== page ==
Object: The diagnosis of tethered cord syndrome (TCS) remains difficult, and the decision to operate is even more complex. The objective of this study was to examine how detailed examination of neurophysiological test results can affect the diagnosis for patients undergoing a surgical cord release. Methods: Patients undergoing tethered spinal cord releases were matched by age and sex with control patients undergoing scoliosis correction in the absence of spinal cord pathology. The latency and width of the P37 peak of the posterior tibial nerve somatosensory evoked potential (SSEP) and the motor evoked potential (MEP) latencies were examined. Immediate changes as a result of the surgical procedure were reported. Results: The width of the P37 response differed significantly between TCS and control patients and changed significantly during the surgical procedure. Nonsignificant trends were seen in SSEP and MEP latencies. Conclusions: The width of the P37 response may be a useful marker for TCS and may play a role in presurgical decision making.
Journal Of Clinical Neurophysiology: Official Publication Of The American Electroencephalographic Society [J Clin Neurophysiol] 2013 Aug; Vol. 30 (4), pp. 382-5.
Adolescent, Anesthesia statistics numerical data, Child, Electric Stimulation instrumentation, Electric Stimulation methods, Electroencephalography, Extremities physiology, Humans, Motor Cortex physiology, Motor Neurons physiology, Retrospective Studies, Scoliosis etiology, Scoliosis surgery, Spinal Fusion methods, Spinal Muscular Atrophies of Childhood complications, Evoked Potentials, Motor physiology, Extremities physiopathology, Motor Cortex physiopathology, and Spinal Muscular Atrophies of Childhood physiopathology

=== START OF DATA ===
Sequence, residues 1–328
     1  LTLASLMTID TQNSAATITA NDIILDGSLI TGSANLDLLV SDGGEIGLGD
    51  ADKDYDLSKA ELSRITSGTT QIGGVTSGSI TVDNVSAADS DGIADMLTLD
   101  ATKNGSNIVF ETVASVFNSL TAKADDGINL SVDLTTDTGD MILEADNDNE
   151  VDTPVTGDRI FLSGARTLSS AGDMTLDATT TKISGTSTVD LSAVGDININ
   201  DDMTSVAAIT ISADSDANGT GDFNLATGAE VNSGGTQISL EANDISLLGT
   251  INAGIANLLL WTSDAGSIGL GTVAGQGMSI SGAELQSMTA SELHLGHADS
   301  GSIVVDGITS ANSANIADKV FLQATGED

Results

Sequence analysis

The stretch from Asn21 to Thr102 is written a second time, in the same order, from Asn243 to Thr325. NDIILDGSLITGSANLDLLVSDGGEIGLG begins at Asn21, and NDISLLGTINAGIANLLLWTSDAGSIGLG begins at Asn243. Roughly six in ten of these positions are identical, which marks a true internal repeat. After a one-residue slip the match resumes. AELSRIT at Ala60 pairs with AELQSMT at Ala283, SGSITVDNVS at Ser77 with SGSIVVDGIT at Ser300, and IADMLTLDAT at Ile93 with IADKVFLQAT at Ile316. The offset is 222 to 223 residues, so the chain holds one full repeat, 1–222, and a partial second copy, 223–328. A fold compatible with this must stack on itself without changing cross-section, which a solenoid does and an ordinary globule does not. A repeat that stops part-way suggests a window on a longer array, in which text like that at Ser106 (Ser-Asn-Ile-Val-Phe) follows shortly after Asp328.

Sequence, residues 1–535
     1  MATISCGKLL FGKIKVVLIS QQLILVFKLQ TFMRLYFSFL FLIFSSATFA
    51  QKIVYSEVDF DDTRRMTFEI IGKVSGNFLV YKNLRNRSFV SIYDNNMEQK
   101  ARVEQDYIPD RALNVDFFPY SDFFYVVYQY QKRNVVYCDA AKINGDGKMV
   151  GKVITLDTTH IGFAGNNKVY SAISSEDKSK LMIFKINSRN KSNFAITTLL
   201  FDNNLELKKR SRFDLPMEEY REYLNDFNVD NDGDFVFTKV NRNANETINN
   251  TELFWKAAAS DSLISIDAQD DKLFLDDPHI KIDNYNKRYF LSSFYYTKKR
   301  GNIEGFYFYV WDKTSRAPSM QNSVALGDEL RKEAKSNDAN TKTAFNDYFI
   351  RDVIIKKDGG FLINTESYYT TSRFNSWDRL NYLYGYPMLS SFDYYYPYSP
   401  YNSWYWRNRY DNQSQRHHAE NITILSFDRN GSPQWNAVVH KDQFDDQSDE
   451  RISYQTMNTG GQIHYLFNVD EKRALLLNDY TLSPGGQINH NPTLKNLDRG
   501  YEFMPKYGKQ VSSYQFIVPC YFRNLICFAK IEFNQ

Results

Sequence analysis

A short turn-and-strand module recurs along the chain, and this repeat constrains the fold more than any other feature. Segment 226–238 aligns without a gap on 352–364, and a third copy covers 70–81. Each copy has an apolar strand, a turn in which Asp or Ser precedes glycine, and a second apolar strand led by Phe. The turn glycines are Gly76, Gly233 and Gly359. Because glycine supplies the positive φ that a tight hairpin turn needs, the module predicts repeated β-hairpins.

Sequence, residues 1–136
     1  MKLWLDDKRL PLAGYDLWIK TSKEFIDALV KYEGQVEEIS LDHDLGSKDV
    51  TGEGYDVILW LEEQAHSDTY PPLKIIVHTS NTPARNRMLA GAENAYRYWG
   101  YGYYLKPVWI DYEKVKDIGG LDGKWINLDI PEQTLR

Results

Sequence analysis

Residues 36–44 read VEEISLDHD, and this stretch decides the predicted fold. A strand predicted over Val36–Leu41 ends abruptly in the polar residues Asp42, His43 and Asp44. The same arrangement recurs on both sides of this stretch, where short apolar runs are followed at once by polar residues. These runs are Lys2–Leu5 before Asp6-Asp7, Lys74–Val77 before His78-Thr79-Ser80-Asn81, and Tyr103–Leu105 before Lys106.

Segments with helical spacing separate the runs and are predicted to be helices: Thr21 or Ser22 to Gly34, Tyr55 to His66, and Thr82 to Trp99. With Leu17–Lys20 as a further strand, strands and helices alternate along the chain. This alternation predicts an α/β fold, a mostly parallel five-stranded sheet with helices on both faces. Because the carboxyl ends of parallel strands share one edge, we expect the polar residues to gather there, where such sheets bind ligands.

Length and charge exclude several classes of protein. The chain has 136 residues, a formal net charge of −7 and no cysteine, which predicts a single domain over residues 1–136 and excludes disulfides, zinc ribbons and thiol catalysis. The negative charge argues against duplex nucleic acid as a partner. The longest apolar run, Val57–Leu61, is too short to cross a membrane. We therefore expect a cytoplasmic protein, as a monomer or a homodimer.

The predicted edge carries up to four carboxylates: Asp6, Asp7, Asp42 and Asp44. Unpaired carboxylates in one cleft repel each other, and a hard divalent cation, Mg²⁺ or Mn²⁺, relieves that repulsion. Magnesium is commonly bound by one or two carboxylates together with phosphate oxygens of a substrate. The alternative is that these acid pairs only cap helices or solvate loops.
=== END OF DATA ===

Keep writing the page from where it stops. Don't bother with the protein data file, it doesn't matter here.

Spinal muscular atrophy is a progressive condition in which movement is gradually lost as a result of the loss of spinal motor neurons. Individuals with this condition may require surgical correction of a secondary scoliosis. Motor evoked potentials were recorded using transcranial electrical stimulation in four such individuals undergoing surgery. All the patients were nonambulatory and in wheelchairs. Motor evoked potentials were recordable in both upper and lower limb muscles, with similar stimulation parameters to control subjects undergoing surgery for idiopathic scoliosis. The amplitudes of the motor evoked potentials were similar to those in control subjects, although the latencies were shorter reflective of the smaller stature of the spinal muscular atrophy patients. The relative preservation of the motor evoked potentials despite the patients' poor voluntary motor control suggests that there is a selective preservation of the motor neurons mediating the motor evoked potential in spinal muscular atrophy and a maintenance of the conduction velocities of the corticospinal tract.
Norton JA, Thompson AK, Chan KM, Wilman A, and Stein RB
Clinical Neurophysiology: Official Journal Of The International Federation Of Clinical Neurophysiology [Clin Neurophysiol] 2008 Jan; Vol. 119 (1), pp. 80-7. Date of Electronic Publication: 2007 Nov 26.
Aged, Brain Mapping, Cerebral Palsy pathology, Electric Stimulation, Electromyography, Functional Laterality, Humans, Magnetic Resonance Imaging, Male, Transcranial Magnetic Stimulation, Cerebral Palsy physiopathology, Evoked Potentials, Motor physiology, and Movement physiology